Lyssa Wilson Becho

Research Associate, Western Michigan University

Lyssa leads the training elements of EvaluATE, including webinars, workshops, resources, and evaluation coaching. She also works with Valerie on strategy and reporting for the ATE annual survey. Lyssa is a senior research associate at The Evaluation Center at Western Michigan University and co-principal investigator for EvaluATE. She holds a Ph.D. in evaluation and has 7 years of experience conducting evaluations for a variety of local, national, and international programs.


Blog: Making the Most of Virtual Conferences: An Exercise in Evaluative Thinking

Posted on September 2, 2020 by  in Blog ()

Research Associate, Western Michigan University

Creative Commons License This work is licensed under a Creative Commons Attribution-NonCommercial-NoDerivatives 4.0 International License.

We at EvaluATE affectionately call the fall “conference season.” Both the ATE PI Conference and the American Evaluation Association’s annual conference usually take place between October and November every year. This year, both conferences will be virtual events. Planning how our project will engage in this new virtual venue got me thinking: What makes a virtual conference successful for attendees? What would make a virtual conference successful for me?

I started by considering what makes an in-person conference successful, and I quickly realized that this was an exercise in evaluative thinking. The concept of evaluative thinking has been defined in a variety of ways—as a “type of reflective practice” (Baker & Bruner, 2012, p. 1), a combination of “critical thinking, creative thinking, inferential thinking, and practical thinking” (Patton, 2018, p. 21), and a “problem-solving approach” (Vo, 2013, p. 105). In this case, I challenged myself to consider what my personal evaluation criteria would be for a successful conference and what my ideal outcomes would look like.

In my reflection process, I came up with a list of key outcomes for attending a conference. Specifically, at conferences, I hope to:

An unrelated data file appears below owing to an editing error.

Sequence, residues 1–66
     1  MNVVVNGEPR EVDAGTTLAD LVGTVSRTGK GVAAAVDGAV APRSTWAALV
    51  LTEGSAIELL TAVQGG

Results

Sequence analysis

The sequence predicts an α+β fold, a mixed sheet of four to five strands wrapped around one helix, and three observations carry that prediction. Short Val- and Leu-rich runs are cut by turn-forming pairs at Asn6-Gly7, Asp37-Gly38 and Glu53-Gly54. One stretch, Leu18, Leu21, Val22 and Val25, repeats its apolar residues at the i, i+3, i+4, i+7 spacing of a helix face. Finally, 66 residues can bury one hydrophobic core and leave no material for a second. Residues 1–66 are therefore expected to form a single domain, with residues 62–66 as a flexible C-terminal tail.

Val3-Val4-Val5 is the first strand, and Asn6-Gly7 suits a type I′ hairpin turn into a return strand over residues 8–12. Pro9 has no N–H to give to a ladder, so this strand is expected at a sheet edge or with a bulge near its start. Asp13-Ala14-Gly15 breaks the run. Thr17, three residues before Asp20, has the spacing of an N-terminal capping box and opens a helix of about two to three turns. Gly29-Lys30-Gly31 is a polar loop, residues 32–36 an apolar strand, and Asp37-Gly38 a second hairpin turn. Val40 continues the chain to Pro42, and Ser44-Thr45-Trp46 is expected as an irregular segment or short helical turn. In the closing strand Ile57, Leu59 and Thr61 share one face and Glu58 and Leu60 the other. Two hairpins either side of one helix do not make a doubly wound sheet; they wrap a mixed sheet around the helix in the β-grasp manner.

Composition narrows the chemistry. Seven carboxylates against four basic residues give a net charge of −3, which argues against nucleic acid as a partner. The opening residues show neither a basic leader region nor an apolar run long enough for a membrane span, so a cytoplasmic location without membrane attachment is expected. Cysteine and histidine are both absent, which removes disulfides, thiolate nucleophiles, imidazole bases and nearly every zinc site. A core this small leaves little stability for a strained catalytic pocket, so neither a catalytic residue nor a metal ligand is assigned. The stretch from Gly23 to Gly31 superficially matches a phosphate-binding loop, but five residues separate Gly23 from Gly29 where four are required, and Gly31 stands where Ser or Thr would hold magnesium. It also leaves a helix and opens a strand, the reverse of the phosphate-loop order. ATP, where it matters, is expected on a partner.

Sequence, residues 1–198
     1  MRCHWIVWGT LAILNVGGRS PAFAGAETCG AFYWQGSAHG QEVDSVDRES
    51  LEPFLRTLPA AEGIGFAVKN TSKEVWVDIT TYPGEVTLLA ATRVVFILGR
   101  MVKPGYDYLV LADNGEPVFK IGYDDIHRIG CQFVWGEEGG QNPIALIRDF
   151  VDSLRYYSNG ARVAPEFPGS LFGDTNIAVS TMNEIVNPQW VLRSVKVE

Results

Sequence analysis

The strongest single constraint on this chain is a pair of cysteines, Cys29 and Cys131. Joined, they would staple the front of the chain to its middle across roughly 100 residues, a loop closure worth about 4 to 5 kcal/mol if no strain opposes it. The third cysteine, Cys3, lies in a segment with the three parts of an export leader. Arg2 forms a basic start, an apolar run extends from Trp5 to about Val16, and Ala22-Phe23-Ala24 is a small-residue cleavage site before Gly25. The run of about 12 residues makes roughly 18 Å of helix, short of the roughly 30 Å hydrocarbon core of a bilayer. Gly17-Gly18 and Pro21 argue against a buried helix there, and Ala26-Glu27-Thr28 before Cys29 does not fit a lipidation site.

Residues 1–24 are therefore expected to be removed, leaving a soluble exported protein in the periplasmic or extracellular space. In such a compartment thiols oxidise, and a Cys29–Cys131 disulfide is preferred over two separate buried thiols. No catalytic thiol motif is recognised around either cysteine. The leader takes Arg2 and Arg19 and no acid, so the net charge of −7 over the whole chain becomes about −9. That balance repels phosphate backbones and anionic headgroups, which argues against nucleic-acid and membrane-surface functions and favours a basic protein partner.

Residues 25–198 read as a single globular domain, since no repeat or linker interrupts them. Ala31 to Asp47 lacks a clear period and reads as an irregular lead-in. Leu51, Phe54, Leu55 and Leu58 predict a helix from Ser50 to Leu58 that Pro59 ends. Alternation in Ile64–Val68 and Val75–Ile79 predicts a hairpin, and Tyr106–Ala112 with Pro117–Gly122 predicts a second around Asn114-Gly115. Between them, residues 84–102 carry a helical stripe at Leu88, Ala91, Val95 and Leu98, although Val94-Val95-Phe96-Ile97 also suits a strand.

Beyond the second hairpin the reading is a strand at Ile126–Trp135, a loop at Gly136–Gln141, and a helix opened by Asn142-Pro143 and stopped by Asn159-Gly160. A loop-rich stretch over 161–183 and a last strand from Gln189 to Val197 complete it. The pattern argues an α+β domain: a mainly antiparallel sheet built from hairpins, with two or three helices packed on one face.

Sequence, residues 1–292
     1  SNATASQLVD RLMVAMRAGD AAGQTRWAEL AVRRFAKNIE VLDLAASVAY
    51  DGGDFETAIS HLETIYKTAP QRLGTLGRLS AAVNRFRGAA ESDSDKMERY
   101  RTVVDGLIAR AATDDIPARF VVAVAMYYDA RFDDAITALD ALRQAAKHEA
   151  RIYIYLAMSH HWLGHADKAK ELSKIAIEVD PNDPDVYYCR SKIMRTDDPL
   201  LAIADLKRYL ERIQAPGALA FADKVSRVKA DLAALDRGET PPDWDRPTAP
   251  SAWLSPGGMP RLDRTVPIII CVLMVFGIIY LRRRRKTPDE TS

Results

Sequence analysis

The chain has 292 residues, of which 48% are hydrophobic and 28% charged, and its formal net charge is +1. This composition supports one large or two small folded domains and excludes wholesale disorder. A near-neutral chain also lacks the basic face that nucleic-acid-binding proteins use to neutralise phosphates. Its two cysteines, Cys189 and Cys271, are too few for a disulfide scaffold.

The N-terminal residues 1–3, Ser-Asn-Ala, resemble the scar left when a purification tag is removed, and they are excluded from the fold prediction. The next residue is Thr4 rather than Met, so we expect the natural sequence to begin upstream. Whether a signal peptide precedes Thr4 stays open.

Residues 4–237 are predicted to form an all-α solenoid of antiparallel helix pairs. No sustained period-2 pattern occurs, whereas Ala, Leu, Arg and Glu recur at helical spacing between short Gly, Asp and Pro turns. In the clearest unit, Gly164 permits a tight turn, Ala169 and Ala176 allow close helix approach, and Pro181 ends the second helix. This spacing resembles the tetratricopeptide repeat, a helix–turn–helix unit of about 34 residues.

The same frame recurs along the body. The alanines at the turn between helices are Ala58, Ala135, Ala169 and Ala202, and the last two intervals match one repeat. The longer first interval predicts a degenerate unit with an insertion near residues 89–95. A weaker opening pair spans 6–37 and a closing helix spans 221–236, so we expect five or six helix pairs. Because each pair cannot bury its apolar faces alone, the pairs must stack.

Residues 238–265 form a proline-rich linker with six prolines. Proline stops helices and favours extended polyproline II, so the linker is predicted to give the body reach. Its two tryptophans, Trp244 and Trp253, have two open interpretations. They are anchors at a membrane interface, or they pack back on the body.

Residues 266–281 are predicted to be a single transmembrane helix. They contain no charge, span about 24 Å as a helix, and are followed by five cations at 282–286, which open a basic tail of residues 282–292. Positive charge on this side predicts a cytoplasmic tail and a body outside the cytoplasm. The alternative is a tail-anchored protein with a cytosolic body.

• build new relationships with peers;
  • grow relationships with existing partners;
  • learn about new trends in research and practice;
  • learn about future research opportunities (places I might be able to fill in the gaps); and
  • feel part of a community and re-energized about my work.

I realized that many of these outcomes are typically achieved through happenstance. For example, at previous conferences, most of my new relationships with peers occurred because of a hallway chat or because I sat next to someone in a session and we struck up a conversation and exchanged information. It’s unlikely these situations would occur organically in a virtual conference setting. I would need to be intentional about how I participated in a virtual conference to achieve the same outcomes.

I began to work backwards to determine what actions I could take to ensure I achieved these outcomes in a virtual conference format. In true evaluator fashion, I constructed a logic model for my virtual conference experience (shown in Figure 1). I realized I needed to identify specific activities—agreements with myself—to get the most out of the experience and have a successful virtual conference.

For example, one of my favorite parts of a conference is feeling like I am part of a larger community and becoming re-energized about my work. Being at home, it can be easy to become distracted and not fully engage with the virtual platform, potentially threatening these important outcomes. To address this, I have committed to blocking off time on my schedule during both conferences to authentically engage with the content and attendees.

How do you define a successful conference? What outcomes do you want to achieve in upcoming conferences that have gone virtual? While you don’t have to make a logic model out of your thoughts, I would challenge you to think evaluatively about upcoming conferences, asking yourself what you hope to achieve and how can you ensure that it happens.

Figure 1. Lyssa’s Logic Model to Achieve a Successful Virtual Conference

Figure 1. Lyssa’s Logic Model to Achieve a Successful Virtual Conference

Webinar: How to Avoid Common Pitfalls When Writing Evaluation Plans for ATE Proposals

Posted on July 28, 2020 by , , in Webinars ()

Presenter(s): Anastasia Councell, Emma Leeburg, Lyssa Wilson Becho
Date(s): August 19, 2020
Time: 1 p.m. – 2 p.m. Eastern
Recording: https://youtu.be/LTMShY2tM0o

Join this webinar to learn what pitfalls to watch out for when writing evaluation plans for grant proposals! In this webinar, we will share some of the biggest mistakes made in evaluation plans for ATE proposals and how to fix them. This webinar will go beyond EvaluATE’s current checklist for writing evaluation plans to highlight the good and the bad from real-world examples. Grant writers, project staff, and evaluators are encouraged to attend! Those completely new to grant writing may want to review the basic elements of an evaluation plan in our short video series prior to attending this webinar.

Resources:
Slides
Toolkit for Writing Evaluation Plans for ATE Proposals
Blog: Kirkpatrick Model for ATE Evaluation
Blog: Three Questions to Spur Action from Your Evaluation Report
Video Series: Evaluation: The Secret Sauce

Webinar: Adapting Evaluations in the Era of Social Distancing

Posted on April 27, 2020 by , , in Webinars

Presenter(s): Anastasia Councell, Lyssa Wilson Becho, Michael Lesiecki
Date(s): May 27, 2020
Time: 1:00 p.m. – 2:00 p.m. Eastern
Recording: https://youtu.be/Ylo9p111Mcc